- Gouverneur served as an assistant to Major General Joseph Hooker during the Union defeat at the Battle of Chancellorsville.
- On June 8, 1863, Major General Joseph Hooker named Gouverneur Warren as Chief Engineer of the Army of the Potomac.
- On June 17, 1863, Gouverneur Warren married Emily Forbes Chase. Their union later produced two children.
- On the second day of the Battle of Gettysburg, Gouverneur Warren made his greatest contribution to the Union war effort.
- Gouverneur Warren is credited with organizing the defense Little Round Top on the second day of the Battle of Gettysburg.
- Gouverneur Warren suffered a minor neck wound during the defense of Little Round Top on the second day of the Battle of Gettysburg.
- Gouverneur Warren’s decisive action on the second day of the Battle of Gettysburg was instrumental in preventing Confederate General James Longstreet’s forces from turning the Union left flank and possibly changing the outcome of the engagement.
- Following the Union victory at the Battle of Gettysburg, Gouverneur Warren was brevetted to colonel in the regular army for his “gallant and meritorious services.”
- On August 12, 1863, Major General George Meade appointed Gouverneur Warren to temporarily command the 2nd Army Corps.
- President Abraham Lincoln appointed Gouverneur Warren to the rank of major general, effective May 3, 1863, as confirmed in General Orders, No. 316, U.S. War Department, on September 18, 1863.
- Gouverneur Warren’s 2nd Corps played a major role in the Union victory at the Battle of Bristoe Station.
- During the Mine Run Campaign, Gouverneur Warren independently canceled an assault on well-entrenched Confederate lines scheduled for the morning of November 30.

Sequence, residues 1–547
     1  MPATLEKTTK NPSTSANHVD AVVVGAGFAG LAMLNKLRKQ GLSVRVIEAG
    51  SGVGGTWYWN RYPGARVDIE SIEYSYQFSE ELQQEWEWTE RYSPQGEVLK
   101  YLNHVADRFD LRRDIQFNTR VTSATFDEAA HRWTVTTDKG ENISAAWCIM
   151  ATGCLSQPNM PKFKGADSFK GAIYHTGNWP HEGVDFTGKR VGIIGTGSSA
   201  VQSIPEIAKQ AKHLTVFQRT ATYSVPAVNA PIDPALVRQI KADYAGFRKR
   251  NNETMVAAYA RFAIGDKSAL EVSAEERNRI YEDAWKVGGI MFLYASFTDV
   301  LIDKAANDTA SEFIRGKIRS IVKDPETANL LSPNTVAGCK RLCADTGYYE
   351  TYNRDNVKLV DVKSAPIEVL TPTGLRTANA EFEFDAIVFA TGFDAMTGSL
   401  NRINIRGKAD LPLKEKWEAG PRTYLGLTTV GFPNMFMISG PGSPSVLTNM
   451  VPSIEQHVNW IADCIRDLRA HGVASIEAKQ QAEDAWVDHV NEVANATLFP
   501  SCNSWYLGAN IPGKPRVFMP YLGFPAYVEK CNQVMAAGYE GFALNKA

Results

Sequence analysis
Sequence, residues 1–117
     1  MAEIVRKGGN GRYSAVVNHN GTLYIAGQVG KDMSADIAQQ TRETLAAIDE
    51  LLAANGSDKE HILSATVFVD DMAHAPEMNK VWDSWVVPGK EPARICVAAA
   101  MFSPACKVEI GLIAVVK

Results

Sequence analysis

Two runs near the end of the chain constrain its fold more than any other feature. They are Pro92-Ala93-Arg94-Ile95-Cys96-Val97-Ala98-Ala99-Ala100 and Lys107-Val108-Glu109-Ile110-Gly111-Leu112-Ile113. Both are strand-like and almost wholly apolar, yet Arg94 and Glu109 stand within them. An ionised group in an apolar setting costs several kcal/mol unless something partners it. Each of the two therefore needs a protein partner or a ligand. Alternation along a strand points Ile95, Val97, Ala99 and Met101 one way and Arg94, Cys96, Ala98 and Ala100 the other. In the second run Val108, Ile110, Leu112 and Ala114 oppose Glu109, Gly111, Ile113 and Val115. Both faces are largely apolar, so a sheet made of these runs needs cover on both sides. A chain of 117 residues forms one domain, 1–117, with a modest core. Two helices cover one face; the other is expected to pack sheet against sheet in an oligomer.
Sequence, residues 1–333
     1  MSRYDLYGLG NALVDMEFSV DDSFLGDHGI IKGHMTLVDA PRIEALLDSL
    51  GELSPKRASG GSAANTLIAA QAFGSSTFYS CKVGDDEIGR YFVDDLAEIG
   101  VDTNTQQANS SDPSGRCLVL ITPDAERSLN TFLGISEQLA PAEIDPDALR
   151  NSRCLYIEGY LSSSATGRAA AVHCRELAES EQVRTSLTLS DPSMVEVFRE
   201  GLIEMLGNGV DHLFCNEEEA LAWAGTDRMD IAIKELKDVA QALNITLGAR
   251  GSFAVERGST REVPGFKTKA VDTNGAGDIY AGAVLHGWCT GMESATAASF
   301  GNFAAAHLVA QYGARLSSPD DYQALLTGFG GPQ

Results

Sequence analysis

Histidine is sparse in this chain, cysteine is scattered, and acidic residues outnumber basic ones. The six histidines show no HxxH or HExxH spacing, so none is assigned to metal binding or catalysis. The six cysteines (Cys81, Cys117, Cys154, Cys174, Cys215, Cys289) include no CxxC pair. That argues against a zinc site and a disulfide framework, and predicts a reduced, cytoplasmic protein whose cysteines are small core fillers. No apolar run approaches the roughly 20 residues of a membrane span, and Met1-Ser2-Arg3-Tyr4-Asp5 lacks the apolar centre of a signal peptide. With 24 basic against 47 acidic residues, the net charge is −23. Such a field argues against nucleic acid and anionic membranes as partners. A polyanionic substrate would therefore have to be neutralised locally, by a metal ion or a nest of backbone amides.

- Gouverneur Warren assumed command of the 5th Army Corps on March 23, 1864.
- Gouverneur Warren and the 5th Corps generally performed well during the Overland, Petersburg, and Appomattox Campaigns, participating in the Battle of Spotsylvania Court House (May 8 – 21, 1864), the Battle of North Anna (May 23–26, 1864), the Battle of Totopotomoy Creek (May 29 – 30, 1864), the Battle of Cold Harbor (May 31 – June 12, 1864), the Second Battle of Petersburg (June 15 – 18, 1864), the Siege of Petersburg (June 9, 1864–March 25, 1865), the Battle of Jerusalem Plank Road (June 21 – 23, 1864), the Battle of Peebles Farm (September 30 – October 2, 1864), the Battle of Boydton Plank Road (October 27-28, 1864), Battle of Dabney’s Mill (February 5-7, 1865), the Battle of White Oak Road (March 31, 1865), and the Battle of Five Forks (April 1, 1865).
- Things came to a head on April 1, 1865, with Lieutenant General Ulysses S. Grant’s prior authorization, Major General Philip Sheridan relieved Gouverneur Warren from command of the 5th Army Corps.
- Gouverneur Warren was reassigned to the defenses of Petersburg from April 3 to May 1, 1865.
- Gouverneur Warren commanded the Department of Mississippi from May 14 to May 30, 1865.
- On May 27, 1865, Gouverneur Warren resigned his commission in the volunteer army, but he remained in the regular army.
- Gouverneur Warren was brevetted to the rank of brigadier general on March 13, 1865 for his “Gallant and Meritorious Services at the Battle of Bristoe Station.”
- Gouverneur Warren was brevetted to the rank of brigadier general on March 13, 1865 for his “Gallant and Meritorious Services in the Field during the Rebellion.”
- On March 4, 1879, Gouverneur Warren was promoted to lieutenant colonel with the Corps of Engineers.
- On December 11, 1879 a board of inquiry convened at Governor’s Island, New York to investigate Gouverneur Warren’s charges that he was unduly relieved of command of the 5th Army Corps following the Battle of Five Forks in 1865.
- Gouverneur Warren died of acute liver failure at Newport, Rhode Island, on August 8, 1882.
- Three months after Gouverneur Warren’s death, the U.S. Army issued the results of a board of inquiry exonerating Gouverneur Warren of his actions during the Battle of Five Forks in 1865.